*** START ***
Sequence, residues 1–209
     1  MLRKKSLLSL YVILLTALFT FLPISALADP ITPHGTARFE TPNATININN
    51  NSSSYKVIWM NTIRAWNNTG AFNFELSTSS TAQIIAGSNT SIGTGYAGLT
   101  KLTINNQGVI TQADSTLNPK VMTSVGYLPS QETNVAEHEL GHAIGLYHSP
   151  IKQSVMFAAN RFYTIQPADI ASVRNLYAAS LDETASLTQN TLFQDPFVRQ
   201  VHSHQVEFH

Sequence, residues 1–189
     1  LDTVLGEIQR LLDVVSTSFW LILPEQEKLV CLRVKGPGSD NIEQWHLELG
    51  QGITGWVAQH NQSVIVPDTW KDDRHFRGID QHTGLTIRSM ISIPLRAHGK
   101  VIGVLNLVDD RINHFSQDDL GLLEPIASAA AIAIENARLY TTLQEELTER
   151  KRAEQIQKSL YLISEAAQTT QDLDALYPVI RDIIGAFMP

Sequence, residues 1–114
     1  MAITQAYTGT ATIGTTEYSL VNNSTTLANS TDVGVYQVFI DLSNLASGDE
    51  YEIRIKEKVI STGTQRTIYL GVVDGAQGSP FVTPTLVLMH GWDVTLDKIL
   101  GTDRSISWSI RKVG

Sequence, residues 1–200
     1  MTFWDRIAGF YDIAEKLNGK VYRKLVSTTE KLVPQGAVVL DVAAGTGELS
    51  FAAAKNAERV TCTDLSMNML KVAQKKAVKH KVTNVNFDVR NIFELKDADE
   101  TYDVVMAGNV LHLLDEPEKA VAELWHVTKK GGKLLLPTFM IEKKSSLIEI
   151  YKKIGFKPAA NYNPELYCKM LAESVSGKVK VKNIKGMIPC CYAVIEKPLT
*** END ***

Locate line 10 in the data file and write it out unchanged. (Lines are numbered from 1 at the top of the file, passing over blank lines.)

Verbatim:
   101  VIGVLNLVDD RINHFSQDDL GLLEPIASAA AIAIENARLY TTLQEELTER